2. Nice article! Short and sweat as they say. Don’t know much about Thomas Hobbes. Interesting supposition though, that is ‘the universe is all, that which is no part of it is nothing, and, consequently nowhere.’ Being ‘nothing’ and ‘nowhere’ opens up another realm of thought. There are lots of non-things that exist on some level that we can’t necessarily pin point in space & time. Now in regards of the body acting as a machine of sorts, your catchy song about machines taking over the world might compliment this post.

    Liked by 1 person

  3. Or appear to have material existence, like words, for instance. As we are reminded again and again: “The word is not the thing! The word is not the thing!” Indeed, the logos seems to evade the most crafty and philosophic of individuals.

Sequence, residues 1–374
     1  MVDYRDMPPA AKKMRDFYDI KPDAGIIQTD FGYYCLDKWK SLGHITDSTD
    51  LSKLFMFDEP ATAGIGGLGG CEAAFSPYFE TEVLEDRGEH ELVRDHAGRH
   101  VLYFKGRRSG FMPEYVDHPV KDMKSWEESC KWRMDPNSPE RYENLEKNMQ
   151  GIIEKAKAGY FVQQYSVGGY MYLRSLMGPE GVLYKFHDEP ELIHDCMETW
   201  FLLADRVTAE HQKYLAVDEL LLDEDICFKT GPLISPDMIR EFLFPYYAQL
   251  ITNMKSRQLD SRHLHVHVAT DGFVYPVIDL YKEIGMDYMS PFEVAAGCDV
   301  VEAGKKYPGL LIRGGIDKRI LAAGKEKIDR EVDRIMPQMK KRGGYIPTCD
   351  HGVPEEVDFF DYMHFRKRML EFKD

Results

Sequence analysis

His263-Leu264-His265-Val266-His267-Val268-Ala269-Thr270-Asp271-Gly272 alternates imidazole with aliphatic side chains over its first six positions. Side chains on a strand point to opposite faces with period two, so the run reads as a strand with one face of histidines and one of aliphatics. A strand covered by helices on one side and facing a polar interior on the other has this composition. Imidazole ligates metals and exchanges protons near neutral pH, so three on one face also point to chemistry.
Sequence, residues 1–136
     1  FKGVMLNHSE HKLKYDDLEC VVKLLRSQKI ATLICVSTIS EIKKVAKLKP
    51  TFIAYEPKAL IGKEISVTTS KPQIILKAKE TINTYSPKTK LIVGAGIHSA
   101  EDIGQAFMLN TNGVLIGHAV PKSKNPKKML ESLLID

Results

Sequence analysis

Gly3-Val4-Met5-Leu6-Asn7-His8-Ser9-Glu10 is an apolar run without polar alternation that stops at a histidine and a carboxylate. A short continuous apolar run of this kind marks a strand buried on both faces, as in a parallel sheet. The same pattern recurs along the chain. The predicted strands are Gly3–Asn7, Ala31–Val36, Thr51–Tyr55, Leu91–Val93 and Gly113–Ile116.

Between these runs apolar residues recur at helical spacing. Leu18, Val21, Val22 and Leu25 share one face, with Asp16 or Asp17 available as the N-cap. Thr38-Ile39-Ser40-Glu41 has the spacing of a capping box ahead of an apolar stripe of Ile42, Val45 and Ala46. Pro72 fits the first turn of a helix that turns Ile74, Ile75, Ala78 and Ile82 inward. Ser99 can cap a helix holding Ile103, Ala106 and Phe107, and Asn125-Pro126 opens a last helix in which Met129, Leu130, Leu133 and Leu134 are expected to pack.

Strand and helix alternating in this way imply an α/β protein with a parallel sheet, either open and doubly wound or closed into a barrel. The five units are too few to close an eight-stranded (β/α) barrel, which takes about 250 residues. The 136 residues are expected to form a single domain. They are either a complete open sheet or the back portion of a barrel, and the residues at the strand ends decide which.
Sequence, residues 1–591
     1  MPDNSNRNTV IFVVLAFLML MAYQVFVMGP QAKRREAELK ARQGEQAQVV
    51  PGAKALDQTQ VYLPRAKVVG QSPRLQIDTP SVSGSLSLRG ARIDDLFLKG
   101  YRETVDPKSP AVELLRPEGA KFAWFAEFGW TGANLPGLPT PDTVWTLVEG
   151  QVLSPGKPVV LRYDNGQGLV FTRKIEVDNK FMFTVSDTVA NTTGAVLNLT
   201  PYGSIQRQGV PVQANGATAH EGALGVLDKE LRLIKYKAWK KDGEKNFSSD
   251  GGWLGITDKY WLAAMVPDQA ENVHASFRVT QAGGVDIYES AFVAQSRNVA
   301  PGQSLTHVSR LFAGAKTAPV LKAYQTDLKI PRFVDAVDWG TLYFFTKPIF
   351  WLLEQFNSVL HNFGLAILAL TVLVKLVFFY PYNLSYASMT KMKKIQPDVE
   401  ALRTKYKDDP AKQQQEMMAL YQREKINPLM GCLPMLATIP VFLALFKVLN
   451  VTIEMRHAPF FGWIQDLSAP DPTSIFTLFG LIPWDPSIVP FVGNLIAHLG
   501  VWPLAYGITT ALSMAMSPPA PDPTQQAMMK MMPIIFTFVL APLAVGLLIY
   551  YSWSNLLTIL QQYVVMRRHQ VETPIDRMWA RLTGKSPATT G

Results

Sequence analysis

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    1. A particular area of interest to me philosophically is the study of why and how we understand things. The process of interpretation. There’s a lot about this (well, my own views in any case) in my soon-to-be-completed book 🙂 Thanks for you comment, Jason!

      Liked by 1 person

      1. I think interpretations are so important. Even revealed truths are followed imo by interpretation. As for the matter/spirit problem, I think some quantum physics people confuse matter/energy on the one hand with spirit on the other hand. God knows about all of it. That’s how I resolve it.
        The free will issue you mention is interesting and I guess related. 🙂

        Liked by 1 person